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7 (de) vizualizări20 paginiWe present a study of a highly decomposable algorithm useful for the parallel generation of contour surface display. The core component of this algorithm is a two-dimensional contouring algorithm that operates on a single 2 x 2 subgrid of a larger grid. An intuitive procedure for the operations used to generate the contour lines for a subgrid is developed. A data structure, the contouring tree, is introduced as the basis of a new algorithm for generating the contour lines for the subgrid. The construction of the contouring tree is detailed. Space requirements for the contouring tree algorithm are described for particular implementations.

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We present a study of a highly decomposable algorithm useful for the parallel generation of contour surface display. The core component of this algorithm is a two-dimensional contouring algorithm that operates on a single 2 x 2 subgrid of a larger grid. An intuitive procedure for the operations used to generate the contour lines for a subgrid is developed. A data structure, the contouring tree, is introduced as the basis of a new algorithm for generating the contour lines for the subgrid. The construction of the contouring tree is detailed. Space requirements for the contouring tree algorithm are described for particular implementations.

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We present a study of a highly decomposable algorithm useful for the parallel generation of contour surface display. The core component of this algorithm is a two-dimensional contouring algorithm that operates on a single 2 x 2 subgrid of a larger grid. An intuitive procedure for the operations used to generate the contour lines for a subgrid is developed. A data structure, the contouring tree, is introduced as the basis of a new algorithm for generating the contour lines for the subgrid. The construction of the contouring tree is detailed. Space requirements for the contouring tree algorithm are described for particular implementations.

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We present a study of a highly decomposable algorithm useful for the parallel generation of a contour surface display. The core component of this algorithm is a two-dimensional contouring algorithm that operates on a single 2 X 2 subgrid of a larger grid. An intuitive procedure for the operations used to generate the contour lines for a subgrid is developed. A data structure, the contouring tree, is introduced as the basis of a new algorithm for generating the contour lines for the subgrid. The construction of the contouring tree is detailed. Space requirements for the contouring tree algorithm are described for particular implementations. Categories and Subject Descriptors: 1.3.3 [Computer Graphics]: Picture/Image Generation--display algorithms; 1.3.5 [Computer Graphics]: Computational Geometry and Object Modeling; 1.3.7 [Computer Graphics]: Three-Dimensional Graphics and Realism-+&i& line/surface algorithms General Terms: Algorithms Additional Key Words and Phrases: Contouring, contouring tree, contour surface display generation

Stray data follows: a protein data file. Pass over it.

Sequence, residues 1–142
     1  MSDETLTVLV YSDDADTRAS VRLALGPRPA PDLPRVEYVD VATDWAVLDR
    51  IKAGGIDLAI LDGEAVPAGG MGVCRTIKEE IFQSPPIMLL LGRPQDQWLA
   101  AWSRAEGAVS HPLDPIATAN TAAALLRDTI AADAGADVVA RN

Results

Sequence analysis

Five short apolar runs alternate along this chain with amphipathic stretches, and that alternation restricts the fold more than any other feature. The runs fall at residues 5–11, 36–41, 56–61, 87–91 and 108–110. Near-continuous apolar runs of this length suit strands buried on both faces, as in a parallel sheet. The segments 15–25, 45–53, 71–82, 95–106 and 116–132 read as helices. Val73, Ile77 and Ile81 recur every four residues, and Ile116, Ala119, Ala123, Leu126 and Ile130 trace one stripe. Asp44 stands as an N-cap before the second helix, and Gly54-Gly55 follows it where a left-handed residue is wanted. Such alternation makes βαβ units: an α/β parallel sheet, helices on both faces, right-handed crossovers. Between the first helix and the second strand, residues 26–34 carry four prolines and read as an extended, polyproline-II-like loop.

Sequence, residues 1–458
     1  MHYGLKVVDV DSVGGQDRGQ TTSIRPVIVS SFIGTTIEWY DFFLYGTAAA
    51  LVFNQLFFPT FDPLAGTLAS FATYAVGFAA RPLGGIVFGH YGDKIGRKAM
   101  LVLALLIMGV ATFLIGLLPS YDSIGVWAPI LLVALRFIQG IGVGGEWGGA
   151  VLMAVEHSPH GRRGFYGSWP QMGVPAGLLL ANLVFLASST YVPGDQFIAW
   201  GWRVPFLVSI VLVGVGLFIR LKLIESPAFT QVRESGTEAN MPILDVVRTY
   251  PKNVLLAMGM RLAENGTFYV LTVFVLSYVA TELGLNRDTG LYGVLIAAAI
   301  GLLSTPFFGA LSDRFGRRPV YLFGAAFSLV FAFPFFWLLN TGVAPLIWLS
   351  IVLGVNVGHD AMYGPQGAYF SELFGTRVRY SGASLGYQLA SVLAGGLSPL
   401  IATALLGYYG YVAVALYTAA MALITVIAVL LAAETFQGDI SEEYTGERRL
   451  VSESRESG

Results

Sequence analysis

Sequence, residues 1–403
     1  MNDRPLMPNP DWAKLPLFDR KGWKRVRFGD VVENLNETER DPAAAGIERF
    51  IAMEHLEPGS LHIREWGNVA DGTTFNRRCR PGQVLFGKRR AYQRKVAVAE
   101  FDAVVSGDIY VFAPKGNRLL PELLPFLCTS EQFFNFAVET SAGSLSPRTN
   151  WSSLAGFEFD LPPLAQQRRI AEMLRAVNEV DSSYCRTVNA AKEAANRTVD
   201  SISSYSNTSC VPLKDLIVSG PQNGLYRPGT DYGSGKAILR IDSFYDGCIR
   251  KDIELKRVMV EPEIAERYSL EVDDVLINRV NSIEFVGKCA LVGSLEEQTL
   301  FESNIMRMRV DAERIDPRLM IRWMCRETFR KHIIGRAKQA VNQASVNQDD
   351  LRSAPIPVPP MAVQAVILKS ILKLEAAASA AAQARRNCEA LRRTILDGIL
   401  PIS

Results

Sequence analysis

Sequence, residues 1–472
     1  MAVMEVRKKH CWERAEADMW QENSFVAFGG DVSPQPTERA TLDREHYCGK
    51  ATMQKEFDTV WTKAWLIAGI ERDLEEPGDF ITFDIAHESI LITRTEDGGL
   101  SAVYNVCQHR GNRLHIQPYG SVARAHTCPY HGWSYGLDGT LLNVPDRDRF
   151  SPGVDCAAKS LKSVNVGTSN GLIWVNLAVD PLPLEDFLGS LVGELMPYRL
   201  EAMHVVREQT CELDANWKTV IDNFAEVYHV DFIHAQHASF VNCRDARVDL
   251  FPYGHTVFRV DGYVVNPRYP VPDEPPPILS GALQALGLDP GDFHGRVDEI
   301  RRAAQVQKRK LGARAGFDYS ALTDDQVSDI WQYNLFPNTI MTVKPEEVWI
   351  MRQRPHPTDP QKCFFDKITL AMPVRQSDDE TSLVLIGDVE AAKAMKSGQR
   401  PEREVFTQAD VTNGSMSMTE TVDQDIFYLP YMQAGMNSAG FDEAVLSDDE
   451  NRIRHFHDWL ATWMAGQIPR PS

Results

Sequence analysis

1. INTRODUCTION Contour surface display generation from three-dimensional grid data is one of the most frequently and widely used graphics application algorithms [l-4, 6, 7, 9-13, 161. The core component of contour surface display generation is the two-dimensional contouring of successive two-dimensional slices of the threedimensional grid (see Figure 1). The best review of the historical development of two-dimensional contouring algorithms and their properties is found in [12]. The most striking thing about contouring literature is that the algorithms described are never complete, clean solutions to the two-dimensional contouring problem. The tendency in the literature is to rely on ad hoc treatment of special cases, with no attempt made to fit the special cases into a general algorithmic framework. An additional problem with the algorithms in the literature is that they are computationally slow. This slowness prevents the algorithms use in real-time situations on hosts other than supercomputers. This paper attempts to

This work has been supported by the Naval Postgraduate School Foundation Research Program, the U.S. Army Combat Developments Experimentation Center, Fort Ord, California, and by the Naval Ocean Systems Center, San Diego, California. Authors address: Code 52, Department CA 93943. 1988 ACM 0730-0301/88/0400-0129 of Computer Science, Naval Postgraduate School, Monterey,

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provide solutions for both the completeness and speed problems. The completeness problem is dealt with by presenting an algorithm for two-dimensional contouring based on a unifying data structure called the contouring tree. The speed problem is lessened by presenting that same data structure as a means for structuring subgrids of the two-dimensional grid into a constant form useful for rapidly computing successive contour levels. As an additional part of lessening the speed problem, the algorithm is shown to be eminently decomposable, that is, amenable to large-scale parallel computation. 2. DEFINITIONS A contour surface is a visual display that represents all points in a particular region of three-space (x, y, z) that satisfy the relation f ((x, y, z)) = k, where k is a constant known as th.e contour level. The function f represents a physical quantity that is defined over the three-dimensional volume of interest. The visual display created by this algorithm is the collection of lines belonging to the intersection of both the set of points satisfying the relation f ((x, y, z)) = iz, and a set of regularly spaced parallel planes passing through the region of three-space for which the relation is defined. For this study, the function f is approximated by a discrete, three-dimensional grid created by sampling that function over the volume of interest. The threedimensional grid contains a value at each of its defined points that corresponds